International Legal Scholarship and the Quest for Integrating Democratic and Participatory Principles in the Definition of Global Public Goods

Eva Kassoti

Abstract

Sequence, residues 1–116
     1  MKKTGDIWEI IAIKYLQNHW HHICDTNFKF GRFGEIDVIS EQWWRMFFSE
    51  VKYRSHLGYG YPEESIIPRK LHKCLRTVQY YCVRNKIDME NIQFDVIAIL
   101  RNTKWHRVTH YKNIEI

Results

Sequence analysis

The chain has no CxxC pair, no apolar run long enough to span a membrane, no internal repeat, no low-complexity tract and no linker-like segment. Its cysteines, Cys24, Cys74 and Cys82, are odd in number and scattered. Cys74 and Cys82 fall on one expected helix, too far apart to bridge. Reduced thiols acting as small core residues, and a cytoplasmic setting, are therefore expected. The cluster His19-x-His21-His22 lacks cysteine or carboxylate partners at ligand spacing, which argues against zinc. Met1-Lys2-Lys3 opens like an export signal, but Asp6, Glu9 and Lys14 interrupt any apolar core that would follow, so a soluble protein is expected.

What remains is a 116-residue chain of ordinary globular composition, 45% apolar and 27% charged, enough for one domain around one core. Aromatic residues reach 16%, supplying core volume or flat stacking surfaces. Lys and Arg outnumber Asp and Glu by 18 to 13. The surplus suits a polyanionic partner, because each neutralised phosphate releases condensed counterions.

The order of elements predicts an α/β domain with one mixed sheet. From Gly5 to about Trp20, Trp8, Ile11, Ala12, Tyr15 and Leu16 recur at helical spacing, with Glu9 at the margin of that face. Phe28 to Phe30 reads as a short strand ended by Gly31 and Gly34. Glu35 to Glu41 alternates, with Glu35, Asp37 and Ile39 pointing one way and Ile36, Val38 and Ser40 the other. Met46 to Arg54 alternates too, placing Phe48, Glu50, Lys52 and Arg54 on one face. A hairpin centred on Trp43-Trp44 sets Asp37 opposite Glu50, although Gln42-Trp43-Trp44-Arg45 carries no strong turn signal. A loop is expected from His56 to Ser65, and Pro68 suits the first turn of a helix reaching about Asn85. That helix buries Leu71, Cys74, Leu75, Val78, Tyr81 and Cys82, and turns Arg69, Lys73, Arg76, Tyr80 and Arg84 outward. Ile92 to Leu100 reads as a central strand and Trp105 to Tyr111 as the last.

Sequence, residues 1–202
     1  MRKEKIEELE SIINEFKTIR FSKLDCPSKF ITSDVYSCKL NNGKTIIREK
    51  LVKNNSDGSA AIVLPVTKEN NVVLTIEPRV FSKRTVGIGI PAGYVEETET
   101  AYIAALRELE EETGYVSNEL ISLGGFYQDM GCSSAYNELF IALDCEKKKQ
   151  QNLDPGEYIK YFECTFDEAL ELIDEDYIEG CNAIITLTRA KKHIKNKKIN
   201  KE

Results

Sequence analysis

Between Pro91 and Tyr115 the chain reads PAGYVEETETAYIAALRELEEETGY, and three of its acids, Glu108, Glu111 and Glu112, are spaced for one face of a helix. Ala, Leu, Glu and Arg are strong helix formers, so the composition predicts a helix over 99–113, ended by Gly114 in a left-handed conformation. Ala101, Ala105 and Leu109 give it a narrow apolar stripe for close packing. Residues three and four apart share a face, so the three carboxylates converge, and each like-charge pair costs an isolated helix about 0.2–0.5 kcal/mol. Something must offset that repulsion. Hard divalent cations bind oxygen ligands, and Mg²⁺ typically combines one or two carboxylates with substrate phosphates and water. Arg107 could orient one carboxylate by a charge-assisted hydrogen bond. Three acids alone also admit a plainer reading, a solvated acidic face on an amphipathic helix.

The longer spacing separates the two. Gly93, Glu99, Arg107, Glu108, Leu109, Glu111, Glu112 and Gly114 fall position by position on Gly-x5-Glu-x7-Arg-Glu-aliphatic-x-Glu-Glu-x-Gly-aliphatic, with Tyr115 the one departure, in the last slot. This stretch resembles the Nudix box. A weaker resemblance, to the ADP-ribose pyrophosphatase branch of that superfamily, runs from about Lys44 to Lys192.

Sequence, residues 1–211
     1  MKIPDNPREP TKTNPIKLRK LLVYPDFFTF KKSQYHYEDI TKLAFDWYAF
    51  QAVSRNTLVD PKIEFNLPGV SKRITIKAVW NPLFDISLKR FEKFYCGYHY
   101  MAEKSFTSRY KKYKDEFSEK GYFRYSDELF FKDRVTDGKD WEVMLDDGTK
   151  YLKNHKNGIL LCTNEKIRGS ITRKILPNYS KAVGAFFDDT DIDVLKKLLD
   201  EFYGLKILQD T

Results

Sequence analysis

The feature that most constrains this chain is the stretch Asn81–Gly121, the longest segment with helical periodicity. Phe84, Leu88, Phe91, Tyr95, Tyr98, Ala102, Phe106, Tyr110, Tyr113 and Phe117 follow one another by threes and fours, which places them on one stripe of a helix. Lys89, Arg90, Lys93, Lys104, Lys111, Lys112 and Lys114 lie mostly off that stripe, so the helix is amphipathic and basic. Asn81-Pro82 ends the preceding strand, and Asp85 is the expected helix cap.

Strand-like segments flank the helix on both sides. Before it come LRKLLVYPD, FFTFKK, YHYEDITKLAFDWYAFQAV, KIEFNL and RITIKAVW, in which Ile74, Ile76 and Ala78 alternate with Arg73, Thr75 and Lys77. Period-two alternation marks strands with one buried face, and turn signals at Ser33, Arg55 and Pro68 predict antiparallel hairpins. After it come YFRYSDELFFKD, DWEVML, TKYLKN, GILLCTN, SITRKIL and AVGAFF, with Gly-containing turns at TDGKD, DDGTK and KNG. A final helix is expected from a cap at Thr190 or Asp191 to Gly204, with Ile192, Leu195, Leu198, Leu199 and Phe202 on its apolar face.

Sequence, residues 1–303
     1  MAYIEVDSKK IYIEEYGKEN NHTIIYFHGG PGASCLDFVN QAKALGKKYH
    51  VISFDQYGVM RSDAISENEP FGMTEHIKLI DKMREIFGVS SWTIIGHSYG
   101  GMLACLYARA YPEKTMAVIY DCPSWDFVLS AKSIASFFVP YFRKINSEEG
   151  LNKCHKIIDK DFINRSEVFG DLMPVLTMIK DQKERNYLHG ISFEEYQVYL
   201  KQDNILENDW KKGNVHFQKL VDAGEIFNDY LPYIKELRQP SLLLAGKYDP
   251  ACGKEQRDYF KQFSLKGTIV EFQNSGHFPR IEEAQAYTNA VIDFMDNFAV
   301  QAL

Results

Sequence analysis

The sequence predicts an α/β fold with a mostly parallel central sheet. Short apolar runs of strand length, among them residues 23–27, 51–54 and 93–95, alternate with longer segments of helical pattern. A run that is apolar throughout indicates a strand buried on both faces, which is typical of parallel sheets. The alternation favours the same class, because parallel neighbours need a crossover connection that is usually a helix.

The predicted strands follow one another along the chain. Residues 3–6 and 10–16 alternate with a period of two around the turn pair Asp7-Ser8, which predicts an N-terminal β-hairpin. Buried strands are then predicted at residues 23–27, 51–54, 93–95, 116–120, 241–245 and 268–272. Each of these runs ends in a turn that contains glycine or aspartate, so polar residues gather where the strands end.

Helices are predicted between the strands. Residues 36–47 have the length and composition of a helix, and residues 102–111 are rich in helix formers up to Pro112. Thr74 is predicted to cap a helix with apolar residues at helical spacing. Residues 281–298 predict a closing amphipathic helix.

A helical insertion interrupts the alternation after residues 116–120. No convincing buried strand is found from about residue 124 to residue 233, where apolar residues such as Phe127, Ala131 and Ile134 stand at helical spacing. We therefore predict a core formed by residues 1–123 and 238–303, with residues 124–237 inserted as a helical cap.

This contribution purports to critically examine the ways in which modern international legal scholarship has come to grips with the question of bridging the ‘democratic participation gap’ in the context of defining and prioritising global public goods. It begins by asserting that core tenets of legal positivism, such as State sovereignty and consent, are deeply undemocratic, or that, at a minimum, they are capable of operating in a deeply undemocratic way, thereby casting doubt on whether classic international law can be seen as the solution to the problem of democratic participation. Against this background, the article continues by exploring two alternative theoretical frameworks for bridging the ‘participation gap’. The global administrative law project is examined and rejected as its main focus on accountability, rather than democracy, implies that it lacks ambition when it comes to the question of broadening decision-making processes. The focus turns next to global constitutionalism. It is argued that, in reality, this version of constitutionalism does not really offer any new analytical and normative insights; traditional legal thinking is anything but unfamiliar with the conceptual distinction between direct and indirect participation. The article concludes by canvassing some remarks on a common mindset of the discipline: the discipline’s knee-jerk response to the challenge of defining global public goods illustrates the unease felt by international lawyers to deal with questions of global governance without transferring them into the realm of law.

 

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